On the security front, we agreed with all Palestinian factions to a comprehensive cease-fire, based on the rule of law and clearly stating that those who breach the cease-fire will be punished in accordance with the law.

We succeeded.

By Israeli admission, the levels of violence have decreased dramatically, even in areas in which we still do not exercise security control. All factions remain committed to the cease-fire, and the minor breaches are dealt with promptly and forcefully.

Ladies and gentlemen, the success of the road map follows from its internal logic. Only mutually supportive steps taken by all the parties can get us to our goal.

On our side, we will impose and maintain security control over all Palestinian areas to achieve the oneness of authority and control over weapons. We are committed to condemning and fighting terrorism, and to being partners in the international war against terrorism.

We are in the process now of finalizing the Palestinian constitution and are making preparations to hold elections as soon as possible.

The Israeli side has obligation, too. Israel must finish its withdrawals to the September 28th, 2000, lines; lift the siege on President Arafat and allow him to travel freely; ease and ultimately end the restrictions on the freedom of movement of Palestinians; stop assassinations and home demolitions, and stop violence from its army and the settlers.

Of the most immediate importance and urgency is the release of Palestinian prisoners held in Israeli prisons. Most of those are actually detained without charge. Besides the legal and humanitarian grounds for releasing prisoners, there is a forceful political logical to it. Prisoners are one of the main constituencies for peace and an active player in the conclusion and maintenance of the cease-fire. Releasing them would strengthen the moderate elements among the various groups and create a sense of inclusion for these groups.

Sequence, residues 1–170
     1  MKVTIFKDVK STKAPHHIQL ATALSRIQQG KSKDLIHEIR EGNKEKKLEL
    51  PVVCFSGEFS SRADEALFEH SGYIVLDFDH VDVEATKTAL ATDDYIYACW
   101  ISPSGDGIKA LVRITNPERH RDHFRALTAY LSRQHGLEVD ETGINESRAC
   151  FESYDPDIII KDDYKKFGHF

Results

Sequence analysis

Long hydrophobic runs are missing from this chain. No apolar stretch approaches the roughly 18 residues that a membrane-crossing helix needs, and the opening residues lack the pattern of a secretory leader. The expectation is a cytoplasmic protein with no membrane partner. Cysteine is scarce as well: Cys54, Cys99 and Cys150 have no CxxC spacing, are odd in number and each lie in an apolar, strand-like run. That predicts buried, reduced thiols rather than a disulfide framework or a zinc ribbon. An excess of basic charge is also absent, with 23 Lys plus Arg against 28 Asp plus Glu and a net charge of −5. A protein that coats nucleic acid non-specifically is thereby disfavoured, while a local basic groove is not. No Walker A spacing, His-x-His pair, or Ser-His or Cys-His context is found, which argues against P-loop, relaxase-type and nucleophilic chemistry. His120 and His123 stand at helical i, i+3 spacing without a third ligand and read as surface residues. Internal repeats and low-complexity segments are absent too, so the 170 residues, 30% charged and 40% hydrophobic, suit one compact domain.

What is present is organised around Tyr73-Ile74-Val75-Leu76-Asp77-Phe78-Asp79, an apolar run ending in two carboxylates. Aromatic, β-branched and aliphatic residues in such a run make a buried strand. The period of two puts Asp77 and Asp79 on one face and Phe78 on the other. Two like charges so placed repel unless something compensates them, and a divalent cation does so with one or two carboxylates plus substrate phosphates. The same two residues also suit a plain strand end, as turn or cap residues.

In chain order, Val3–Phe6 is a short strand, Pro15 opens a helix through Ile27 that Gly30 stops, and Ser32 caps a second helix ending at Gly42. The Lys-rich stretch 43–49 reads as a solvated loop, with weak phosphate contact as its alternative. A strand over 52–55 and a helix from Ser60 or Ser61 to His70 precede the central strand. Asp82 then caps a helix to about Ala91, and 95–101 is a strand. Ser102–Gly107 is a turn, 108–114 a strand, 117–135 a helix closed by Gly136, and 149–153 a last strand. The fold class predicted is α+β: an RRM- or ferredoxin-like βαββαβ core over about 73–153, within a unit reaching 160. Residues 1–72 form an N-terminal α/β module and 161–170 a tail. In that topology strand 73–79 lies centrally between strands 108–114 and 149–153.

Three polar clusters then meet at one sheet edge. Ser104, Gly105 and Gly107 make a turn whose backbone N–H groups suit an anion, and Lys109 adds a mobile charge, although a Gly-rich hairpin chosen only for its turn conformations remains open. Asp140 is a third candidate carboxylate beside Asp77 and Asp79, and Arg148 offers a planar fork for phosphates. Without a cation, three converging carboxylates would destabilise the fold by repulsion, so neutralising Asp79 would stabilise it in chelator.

Of the most strategic importance is ceasing the construction of the separation wall and freezing all settlement activities, in accordance with the Mitchell report and the road map. The vision of two states cannot be realized if Israel continues to grab Palestinian land. The continuation of settlement activity will make a sovereign, viable Palestinian state impossible and will permanently destroy the prospects of permanent peace and an end to the Palestinian-Israeli conflict. Nothing less than a full settlement freeze will do, because nothing less than a full settlement freeze will succeed.

Previous attempts to impose a partial freeze have all failed, and there is no reason to expect things to be different this time.

There are things that both we and the Israelis must do. Incitement by both sides must be ended and replaced by education for peace. Stereotypes that developed throughout the last 34 months must be reversed. The process of occupation should extend to all aspects of life. We have established joint committees that must be strengthened and allowed to operate at their fullest capacity. Finally, if we are to really end the Palestinian-Israeli conflict, we must start discussing the permanent status issues so as to establish a Palestinian state with Jerusalem as its capital, and to resolve the refugee question in accordance with the Arab initiative and on the basis of international law.

The United States has a fundamental role to play. The efforts of President Bush, Secretary Powell and National Security Adviser Rice have been essential in getting us to where we are today, and they must continue. The Palestinian Authority is in a dire need for political and economic support to rebuild itself. The administration has been generous in offering $20 million in direct financial aid to the PA, and we hope that this amount is increased and that the provision of direct financial aid is enshrined in legislation.

The U.S. must also play an active monitoring role if the implementation of the road map is to succeed. While we and the Israelis have progressed in rebuilding our bilateral relations, trust remains fragile, and neutral third-party monitoring and verification will be essential to rebuild this confidence and to avoid misunderstandings and unnecessary crisis.